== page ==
SCASD Librarians' Top Tips for Read-Aloud
- Read as often as you can, but picking a traditional time each day will help start the habit.
- Pick a read-aloud that you enjoy yourself; listeners always pick up on a reader's enthusiasm for a book or story which makes the entire experience more enjoyable for everyone.
- Encourage the child to be involved in the reading
- Ask them to turn pages
- Ask questions such as, "What do you think is going to happen next?"
- For the books a child asks to have read repeatedly, pause at a key phrase or word and let your child provide the next word(s).
- Use plenty of expression when you read. Try different voices for different characters.
- Children are never too old for read-alouds. For reluctant readers, read something they might not be able to read on their own but will engage them on an interest and maturity level that will hold their attention.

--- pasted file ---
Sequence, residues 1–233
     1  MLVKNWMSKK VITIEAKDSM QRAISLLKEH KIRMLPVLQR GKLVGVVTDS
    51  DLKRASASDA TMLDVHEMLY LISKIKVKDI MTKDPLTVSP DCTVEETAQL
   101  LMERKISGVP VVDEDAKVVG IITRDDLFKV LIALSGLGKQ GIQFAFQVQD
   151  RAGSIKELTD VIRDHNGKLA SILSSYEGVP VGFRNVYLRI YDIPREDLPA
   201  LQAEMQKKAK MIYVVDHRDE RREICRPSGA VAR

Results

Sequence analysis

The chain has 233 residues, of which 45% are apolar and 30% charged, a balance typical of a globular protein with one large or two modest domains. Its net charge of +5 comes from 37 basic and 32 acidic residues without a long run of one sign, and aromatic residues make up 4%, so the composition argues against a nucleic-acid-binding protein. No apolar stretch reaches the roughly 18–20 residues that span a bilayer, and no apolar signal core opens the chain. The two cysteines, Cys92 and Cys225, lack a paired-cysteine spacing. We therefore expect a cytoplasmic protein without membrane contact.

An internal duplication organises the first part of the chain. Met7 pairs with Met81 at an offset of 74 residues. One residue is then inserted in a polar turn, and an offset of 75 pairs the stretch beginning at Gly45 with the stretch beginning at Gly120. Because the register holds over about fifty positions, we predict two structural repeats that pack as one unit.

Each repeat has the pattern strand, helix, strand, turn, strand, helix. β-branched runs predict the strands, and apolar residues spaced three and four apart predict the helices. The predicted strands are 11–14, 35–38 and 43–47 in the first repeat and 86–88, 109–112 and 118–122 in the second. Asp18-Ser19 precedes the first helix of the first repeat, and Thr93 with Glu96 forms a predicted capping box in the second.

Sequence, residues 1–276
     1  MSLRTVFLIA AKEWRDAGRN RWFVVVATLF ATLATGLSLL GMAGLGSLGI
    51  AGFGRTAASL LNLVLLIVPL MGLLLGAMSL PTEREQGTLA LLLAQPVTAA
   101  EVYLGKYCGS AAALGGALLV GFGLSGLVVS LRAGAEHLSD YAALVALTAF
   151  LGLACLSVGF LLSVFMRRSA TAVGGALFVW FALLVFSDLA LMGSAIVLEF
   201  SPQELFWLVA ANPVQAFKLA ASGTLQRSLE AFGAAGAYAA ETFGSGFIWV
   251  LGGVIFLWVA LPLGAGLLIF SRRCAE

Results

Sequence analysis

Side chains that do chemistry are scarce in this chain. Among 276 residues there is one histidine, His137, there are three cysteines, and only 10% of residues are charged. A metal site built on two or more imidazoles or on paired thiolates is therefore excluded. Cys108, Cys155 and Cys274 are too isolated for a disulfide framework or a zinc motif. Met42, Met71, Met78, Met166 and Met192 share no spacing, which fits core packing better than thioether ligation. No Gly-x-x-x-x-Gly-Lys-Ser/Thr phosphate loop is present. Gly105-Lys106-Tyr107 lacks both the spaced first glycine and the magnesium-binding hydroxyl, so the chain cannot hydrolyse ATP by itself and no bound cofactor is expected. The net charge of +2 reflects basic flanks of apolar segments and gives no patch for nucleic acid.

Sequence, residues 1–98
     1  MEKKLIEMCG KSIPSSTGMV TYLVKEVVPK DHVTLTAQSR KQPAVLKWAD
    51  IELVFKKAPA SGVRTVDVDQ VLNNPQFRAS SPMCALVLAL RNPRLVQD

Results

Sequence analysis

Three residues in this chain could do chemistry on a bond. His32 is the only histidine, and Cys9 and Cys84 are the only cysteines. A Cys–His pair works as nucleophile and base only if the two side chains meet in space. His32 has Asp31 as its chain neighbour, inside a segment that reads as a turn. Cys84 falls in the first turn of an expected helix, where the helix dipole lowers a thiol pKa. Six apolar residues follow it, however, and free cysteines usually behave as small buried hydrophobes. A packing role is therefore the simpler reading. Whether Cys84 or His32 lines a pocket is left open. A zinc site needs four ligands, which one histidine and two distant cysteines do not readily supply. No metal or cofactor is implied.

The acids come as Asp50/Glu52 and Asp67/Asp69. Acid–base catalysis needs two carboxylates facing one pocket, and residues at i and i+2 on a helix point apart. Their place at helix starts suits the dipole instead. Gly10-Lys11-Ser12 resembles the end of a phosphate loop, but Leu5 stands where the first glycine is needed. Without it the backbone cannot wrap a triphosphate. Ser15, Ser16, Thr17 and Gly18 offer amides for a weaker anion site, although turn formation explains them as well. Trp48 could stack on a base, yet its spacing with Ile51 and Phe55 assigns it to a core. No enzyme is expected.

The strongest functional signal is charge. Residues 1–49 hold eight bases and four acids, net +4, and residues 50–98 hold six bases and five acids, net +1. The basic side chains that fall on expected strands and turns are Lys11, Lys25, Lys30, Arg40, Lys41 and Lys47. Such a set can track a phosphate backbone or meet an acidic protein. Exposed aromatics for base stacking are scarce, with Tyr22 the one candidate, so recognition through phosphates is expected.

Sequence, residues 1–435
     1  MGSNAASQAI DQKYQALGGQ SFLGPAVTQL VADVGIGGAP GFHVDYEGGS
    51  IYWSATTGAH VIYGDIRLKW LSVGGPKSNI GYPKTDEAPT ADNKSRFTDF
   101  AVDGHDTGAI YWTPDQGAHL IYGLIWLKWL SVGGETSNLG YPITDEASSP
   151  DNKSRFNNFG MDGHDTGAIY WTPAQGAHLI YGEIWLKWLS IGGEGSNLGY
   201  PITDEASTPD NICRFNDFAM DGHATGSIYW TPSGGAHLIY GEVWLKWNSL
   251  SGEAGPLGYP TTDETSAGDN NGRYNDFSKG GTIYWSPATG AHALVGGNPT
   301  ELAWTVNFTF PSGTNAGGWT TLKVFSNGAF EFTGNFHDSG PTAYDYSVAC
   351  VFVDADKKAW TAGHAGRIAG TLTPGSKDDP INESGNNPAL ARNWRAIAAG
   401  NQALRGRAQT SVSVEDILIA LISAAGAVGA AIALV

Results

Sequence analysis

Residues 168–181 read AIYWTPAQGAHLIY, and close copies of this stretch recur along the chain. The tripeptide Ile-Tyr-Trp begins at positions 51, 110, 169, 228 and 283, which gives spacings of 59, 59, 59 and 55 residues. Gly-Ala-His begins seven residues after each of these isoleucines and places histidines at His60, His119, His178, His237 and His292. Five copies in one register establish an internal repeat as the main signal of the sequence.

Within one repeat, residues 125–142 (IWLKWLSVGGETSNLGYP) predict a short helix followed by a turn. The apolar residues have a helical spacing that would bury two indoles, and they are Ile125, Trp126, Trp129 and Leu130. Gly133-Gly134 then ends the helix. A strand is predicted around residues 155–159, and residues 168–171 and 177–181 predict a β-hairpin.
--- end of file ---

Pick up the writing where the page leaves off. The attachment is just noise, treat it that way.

- For more ideas, Jim Trelease is the read-aloud guru:
Suggestions of What to Read-Aloud
- SCASD Librarians’ Favorite Read-Alouds
- Younger Readers
- Biscuit Series by Alyssa Satin Capucilli (great for kindergarten kids)
- Mr. Putter and Tabby Series by Cynthia Rylant (great for primary kids)
- Cloudy with a Chance of Meatballs by Judi Barrett
- Stuart Little by EB White
- Ralph S. Mouse by Beverly Cleary
- Anything by Mo Willems!
- You Read to Me, I'll Read to You series by Mary Ann Hoberman
- Humphrey Series by Betty Birney (great choice for intermediate kids)
- Older Elementary to Adult (Yes, even older "kids" like to have books read to them!)
- Any book by Andrew Clements (great for 5th grade kids)
- Here Lies the Librarian by Richard Peck
- Snow Treasure by Marie McSwigan
- Hoot by Carl Haissen
- Bunnicula by James Howe
- Schlow Centre Region Library - Recommended Reading Lists, sorted by topic and available for download in pdf
- Multnomah County Library: Books to Read-Aloud, for younger, intermediate and older listeners
Additional Read-Aloud Tips